Thursday, August 27, 2009

Synchronizing Exchange identities and more

Microsoft has a product to support synchronization of identities between Exchange environments. That product is the "Identity Integration Feature Pack for Microsoft Windows Server Active Directory with Service Pack 2 (SP2)". For those you who do not know what the IIFP is here's a snippet that gives you an overview:
Identity Integration Feature Pack for Microsoft® Windows Server™ Active Directory® with Service Pack 2 (SP2) manages identities and coordinates user details across Microsoft Active Directory, Active Directory Application Mode (ADAM), Microsoft Exchange 2000 Server, and Exchange Server 2003 implementations. Using Identity Integration Feature Pack, you can combine identity information for a given user or resource into a single, logical view. Identity Integration Feature Pack also automates the provisioning of new and updated identity data, eliminating time-consuming, repetitive administration and the need to manually add, delete, or update identity information, groups, and user accounts.
Sounds good, right? In fact, it does sound good - or maybe I should say it used to sound good. Read the description above a few times and you might notice three key things that are missing:
  1. What about support of Windows Server 2008?
  2. What about support for Exchange 2007? Exchange 2010?
  3. This is all about identities. What about synchronizing calendars "into a single, logical view"?
The first two key items are getting to be show stoppers for most organizations. The last item is, in my humble opinion, very important - it's the "and more" in my post title. I've heard from many customers that they'd one tool to synchronize contacts and free/busy information - not half a tool.

All of this came to mind when I was trying to better understand why interest in Quest's Collaboration Services product seems to be rapidly increasing. The product has been around for a long time but over the last 8-12 months it's really been taking off.

I think I figured out that the answer is in the questions above.

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5 comments:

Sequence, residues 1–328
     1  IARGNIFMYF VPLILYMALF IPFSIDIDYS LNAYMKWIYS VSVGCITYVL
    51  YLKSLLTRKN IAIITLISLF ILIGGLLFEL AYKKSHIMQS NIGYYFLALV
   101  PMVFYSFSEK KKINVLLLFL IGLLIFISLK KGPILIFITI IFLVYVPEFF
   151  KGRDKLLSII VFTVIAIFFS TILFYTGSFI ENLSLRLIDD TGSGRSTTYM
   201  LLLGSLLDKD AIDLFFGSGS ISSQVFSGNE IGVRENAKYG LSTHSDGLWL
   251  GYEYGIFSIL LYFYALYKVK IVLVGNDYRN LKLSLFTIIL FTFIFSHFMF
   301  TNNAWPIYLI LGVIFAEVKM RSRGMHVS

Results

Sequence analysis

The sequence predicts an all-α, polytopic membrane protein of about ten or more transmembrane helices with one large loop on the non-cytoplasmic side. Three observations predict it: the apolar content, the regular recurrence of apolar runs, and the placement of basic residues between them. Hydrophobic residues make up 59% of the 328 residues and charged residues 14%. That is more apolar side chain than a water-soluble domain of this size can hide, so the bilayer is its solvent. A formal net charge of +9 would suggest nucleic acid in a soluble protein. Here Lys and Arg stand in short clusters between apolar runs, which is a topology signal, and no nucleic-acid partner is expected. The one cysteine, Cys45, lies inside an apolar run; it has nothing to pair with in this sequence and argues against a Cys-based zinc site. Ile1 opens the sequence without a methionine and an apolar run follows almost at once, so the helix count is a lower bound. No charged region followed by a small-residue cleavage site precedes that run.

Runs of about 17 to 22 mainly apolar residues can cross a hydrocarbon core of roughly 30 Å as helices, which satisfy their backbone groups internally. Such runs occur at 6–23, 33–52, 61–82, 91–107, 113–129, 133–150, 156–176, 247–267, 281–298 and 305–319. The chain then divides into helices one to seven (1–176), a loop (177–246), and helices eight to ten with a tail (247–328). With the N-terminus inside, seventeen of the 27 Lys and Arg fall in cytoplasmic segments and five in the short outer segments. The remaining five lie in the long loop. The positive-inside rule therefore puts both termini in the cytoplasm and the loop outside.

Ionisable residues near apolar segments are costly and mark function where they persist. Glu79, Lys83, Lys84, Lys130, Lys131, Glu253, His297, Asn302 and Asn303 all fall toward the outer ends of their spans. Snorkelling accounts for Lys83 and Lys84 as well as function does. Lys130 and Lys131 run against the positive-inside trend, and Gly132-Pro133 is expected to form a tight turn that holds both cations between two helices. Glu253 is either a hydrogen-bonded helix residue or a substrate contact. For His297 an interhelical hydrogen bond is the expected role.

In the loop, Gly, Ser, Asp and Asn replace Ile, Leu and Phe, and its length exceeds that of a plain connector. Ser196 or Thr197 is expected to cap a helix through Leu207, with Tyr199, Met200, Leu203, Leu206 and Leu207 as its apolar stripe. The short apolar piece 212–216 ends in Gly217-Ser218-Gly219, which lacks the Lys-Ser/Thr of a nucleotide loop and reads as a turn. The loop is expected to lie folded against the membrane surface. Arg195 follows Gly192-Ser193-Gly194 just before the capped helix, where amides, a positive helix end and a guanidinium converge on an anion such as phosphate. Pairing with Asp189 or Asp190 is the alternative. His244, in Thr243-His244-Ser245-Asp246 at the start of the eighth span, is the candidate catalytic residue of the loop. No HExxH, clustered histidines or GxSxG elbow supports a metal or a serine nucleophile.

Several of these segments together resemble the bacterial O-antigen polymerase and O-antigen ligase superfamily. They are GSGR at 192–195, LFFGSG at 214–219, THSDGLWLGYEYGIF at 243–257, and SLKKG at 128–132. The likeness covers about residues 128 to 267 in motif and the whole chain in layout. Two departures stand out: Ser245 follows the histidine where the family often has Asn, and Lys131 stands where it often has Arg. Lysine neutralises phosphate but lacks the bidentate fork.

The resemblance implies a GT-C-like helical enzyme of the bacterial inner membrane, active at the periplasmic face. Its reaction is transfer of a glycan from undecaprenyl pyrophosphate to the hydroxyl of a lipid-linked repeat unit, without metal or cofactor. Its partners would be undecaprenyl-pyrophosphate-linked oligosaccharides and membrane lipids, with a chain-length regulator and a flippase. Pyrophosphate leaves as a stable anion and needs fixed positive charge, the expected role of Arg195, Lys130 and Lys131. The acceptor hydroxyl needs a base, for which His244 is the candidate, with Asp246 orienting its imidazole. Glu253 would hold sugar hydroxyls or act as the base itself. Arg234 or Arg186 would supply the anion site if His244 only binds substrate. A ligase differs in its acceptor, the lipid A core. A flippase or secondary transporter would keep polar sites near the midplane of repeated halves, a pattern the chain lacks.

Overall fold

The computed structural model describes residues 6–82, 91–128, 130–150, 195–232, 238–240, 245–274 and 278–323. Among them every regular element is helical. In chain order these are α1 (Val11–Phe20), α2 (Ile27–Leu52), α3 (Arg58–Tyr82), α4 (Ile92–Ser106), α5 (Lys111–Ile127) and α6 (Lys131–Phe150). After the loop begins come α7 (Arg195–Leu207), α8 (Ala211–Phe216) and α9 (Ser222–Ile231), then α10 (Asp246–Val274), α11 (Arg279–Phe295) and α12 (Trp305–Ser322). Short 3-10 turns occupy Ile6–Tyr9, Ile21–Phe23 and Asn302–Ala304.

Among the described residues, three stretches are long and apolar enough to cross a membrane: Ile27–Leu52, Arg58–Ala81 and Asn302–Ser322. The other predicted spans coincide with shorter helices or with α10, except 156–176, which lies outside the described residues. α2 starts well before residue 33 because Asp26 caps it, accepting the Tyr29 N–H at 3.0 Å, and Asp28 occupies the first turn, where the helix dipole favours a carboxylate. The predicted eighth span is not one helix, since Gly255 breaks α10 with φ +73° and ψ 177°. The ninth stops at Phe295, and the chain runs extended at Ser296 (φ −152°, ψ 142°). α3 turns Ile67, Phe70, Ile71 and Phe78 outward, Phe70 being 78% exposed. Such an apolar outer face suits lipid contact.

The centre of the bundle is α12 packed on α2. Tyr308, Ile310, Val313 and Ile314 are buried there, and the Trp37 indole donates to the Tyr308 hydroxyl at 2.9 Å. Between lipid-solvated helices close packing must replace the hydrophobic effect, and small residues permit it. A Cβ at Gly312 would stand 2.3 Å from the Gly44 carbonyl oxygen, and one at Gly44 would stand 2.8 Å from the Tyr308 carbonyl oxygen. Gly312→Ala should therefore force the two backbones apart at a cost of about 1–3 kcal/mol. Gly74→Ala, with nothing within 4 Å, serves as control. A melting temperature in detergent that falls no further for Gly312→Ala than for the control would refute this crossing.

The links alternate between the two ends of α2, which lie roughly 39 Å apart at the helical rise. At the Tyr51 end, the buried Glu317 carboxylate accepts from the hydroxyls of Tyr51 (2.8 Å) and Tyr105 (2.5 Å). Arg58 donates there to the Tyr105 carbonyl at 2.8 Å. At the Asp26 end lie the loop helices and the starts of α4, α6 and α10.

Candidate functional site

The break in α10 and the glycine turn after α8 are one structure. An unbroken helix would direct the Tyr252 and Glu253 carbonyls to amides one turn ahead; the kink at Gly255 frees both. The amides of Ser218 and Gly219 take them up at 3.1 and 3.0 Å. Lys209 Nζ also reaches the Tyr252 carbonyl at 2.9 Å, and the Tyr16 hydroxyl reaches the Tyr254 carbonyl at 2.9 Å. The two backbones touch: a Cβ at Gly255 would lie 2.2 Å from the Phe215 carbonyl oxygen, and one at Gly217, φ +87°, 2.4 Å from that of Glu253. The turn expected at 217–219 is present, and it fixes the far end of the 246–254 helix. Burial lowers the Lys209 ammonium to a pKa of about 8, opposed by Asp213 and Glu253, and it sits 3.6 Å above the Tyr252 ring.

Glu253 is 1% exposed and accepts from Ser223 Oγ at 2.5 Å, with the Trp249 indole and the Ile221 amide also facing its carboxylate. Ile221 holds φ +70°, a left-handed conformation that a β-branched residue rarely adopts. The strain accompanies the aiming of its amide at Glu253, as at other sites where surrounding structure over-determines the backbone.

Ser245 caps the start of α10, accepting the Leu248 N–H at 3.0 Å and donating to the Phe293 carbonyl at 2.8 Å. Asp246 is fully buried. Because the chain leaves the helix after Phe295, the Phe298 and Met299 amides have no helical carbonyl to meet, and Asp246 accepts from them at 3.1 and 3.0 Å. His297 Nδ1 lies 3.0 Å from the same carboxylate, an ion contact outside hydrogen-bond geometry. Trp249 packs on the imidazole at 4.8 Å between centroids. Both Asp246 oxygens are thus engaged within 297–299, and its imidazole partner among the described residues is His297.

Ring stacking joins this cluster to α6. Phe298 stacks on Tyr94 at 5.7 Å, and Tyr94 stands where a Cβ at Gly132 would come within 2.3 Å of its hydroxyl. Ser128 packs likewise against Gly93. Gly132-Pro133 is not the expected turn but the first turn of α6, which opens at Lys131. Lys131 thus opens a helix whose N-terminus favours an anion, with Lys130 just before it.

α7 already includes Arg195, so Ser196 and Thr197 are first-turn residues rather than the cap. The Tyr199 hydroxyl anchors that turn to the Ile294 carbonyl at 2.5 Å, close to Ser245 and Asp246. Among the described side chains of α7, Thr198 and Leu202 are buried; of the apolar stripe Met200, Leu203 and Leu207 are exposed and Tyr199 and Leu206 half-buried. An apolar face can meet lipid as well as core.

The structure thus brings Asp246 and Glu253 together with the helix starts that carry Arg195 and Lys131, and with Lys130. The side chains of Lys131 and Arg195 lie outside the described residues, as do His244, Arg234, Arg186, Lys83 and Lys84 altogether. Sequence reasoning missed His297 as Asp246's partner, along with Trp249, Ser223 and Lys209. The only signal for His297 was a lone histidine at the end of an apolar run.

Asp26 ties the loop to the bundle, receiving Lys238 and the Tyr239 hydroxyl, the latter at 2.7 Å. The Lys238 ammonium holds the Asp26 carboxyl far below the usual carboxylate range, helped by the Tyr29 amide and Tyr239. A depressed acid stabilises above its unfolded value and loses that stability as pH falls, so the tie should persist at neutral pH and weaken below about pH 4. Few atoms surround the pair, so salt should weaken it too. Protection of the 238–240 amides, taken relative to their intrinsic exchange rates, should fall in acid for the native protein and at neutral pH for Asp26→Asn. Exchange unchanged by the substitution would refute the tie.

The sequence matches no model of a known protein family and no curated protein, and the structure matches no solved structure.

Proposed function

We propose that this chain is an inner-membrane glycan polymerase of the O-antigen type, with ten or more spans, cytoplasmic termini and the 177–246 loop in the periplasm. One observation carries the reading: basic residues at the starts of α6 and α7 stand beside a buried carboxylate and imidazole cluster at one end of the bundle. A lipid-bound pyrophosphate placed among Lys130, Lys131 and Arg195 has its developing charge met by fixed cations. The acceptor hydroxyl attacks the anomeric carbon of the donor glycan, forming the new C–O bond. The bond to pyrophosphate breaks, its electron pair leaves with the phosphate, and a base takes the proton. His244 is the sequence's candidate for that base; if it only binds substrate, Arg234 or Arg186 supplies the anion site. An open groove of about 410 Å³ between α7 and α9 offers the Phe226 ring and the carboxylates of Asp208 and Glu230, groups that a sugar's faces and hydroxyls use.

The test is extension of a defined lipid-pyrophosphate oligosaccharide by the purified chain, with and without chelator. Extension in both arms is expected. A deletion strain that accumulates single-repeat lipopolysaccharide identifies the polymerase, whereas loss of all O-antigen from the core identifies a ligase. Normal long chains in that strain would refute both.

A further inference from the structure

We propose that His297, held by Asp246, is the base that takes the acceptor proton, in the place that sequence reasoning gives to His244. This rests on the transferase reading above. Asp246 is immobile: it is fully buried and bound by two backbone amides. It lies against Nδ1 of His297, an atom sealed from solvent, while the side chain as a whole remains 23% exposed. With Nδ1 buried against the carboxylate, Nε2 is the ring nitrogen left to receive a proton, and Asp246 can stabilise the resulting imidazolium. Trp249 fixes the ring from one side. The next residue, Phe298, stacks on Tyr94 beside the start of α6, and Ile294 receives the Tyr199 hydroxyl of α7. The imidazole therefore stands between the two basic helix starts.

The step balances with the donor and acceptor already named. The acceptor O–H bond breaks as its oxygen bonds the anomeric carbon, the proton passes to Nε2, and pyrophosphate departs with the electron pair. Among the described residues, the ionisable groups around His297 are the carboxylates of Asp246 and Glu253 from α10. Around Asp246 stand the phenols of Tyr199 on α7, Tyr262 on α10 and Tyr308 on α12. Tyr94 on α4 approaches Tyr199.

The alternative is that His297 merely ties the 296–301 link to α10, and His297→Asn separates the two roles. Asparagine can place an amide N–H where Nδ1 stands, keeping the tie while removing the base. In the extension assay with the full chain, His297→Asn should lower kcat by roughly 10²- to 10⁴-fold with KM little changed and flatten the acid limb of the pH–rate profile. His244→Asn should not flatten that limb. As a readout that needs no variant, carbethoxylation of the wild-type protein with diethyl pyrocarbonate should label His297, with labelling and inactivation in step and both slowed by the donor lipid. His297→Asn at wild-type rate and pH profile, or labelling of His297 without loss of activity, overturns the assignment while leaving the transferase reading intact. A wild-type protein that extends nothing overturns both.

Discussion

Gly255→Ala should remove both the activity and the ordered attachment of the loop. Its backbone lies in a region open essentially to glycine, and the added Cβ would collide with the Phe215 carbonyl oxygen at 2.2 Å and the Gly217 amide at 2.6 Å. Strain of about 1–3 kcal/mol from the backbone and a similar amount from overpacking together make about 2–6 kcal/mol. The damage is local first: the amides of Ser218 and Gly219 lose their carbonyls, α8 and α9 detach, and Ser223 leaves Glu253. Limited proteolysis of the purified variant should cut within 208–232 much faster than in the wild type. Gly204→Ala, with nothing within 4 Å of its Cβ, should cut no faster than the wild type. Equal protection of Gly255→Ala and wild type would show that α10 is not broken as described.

James said...

Hi Jackson,
Nice blog site. Have you ever heard of Tools4ever's product, User Management Resource Administrator? It is a more cost effective solution that packs the same punch as ILM or Quest tools.

Check it out.

James

Peter Geelen said...

Hello Jackson,

just for your information: IIFP has been retired since 14/oct/2008, as it was included in the lifecycle of MIIS 2003.
More info here: http://support.microsoft.com/lifecycle/?LN=en-us&p1=1980&x=12&y=12
(+ also on the ILM 2007 FAQ link below)

Secondly, support for Exchange 2007 has been added to ILM 2007 FP1.
That still has GALSync on board.

ILM 2007 FP1 can handle Windows 2008 and Exchange 2007.
Check this link:http://www.microsoft.com/windowsserver/ilm2007/faq.mspx

This link on GalSync 2010 might be of interest:
http://help.outlook.com/en-us/140/dd459134.aspx

Kind regards,
Peter Geelen
MVP ILM

ploonen said...

Hi Jackson!

This seems to me to be a bit of an unfair comment about a tool that was released more than 5 years ago and that is currently unsupported, though still available for download.

A couple of things:
- Windows Server 2008 (and R2) AD is perfectly supported, no issue at all (the only thing you can't do is run the tool on Server 2008.
- You can absolutely create your Exchange 2007 mailboxes etc. The only thing that is required is to run a little powershell script after your run profile, much the same way ILM 2007 FP1 is doing (but admitted, automatically) to cover for the absense of a RUS in Exchange 2007.
- Exchange 2010 is currently an unreleased product, therefore it would be hard for any product to somehow support it.
- Customers looking for a supported solution can always upgrade to ILM2007 FP1, which is going to be supported for some time to come. ILM2007FP1 runs on Server 2008 and supports Exchange 2007. Of course this would not be a "free" solution, but the alternative you propose isn't free either.

Regards,
Paul Loonen

Jackson Shaw said...

Thanks for the various comments - and the links which are all useful. My point was not to suggest that people purchase our software and if it came across that way then you have my apologies. I was simply emphasizing that customers - from my experience - prefer one tool and the MS tool I referenced was free.

...Jackson

ploonen said...

Jackson, no problem at all.

BTW, for Exchange 2010, have a look at Exchange 2010 Federation (http://technet.microsoft.com/en-us/library/dd335047(EXCHG.140).aspx). That may go a long way in supporting customer's needs while avoiding having to install any tool at all.

Paul.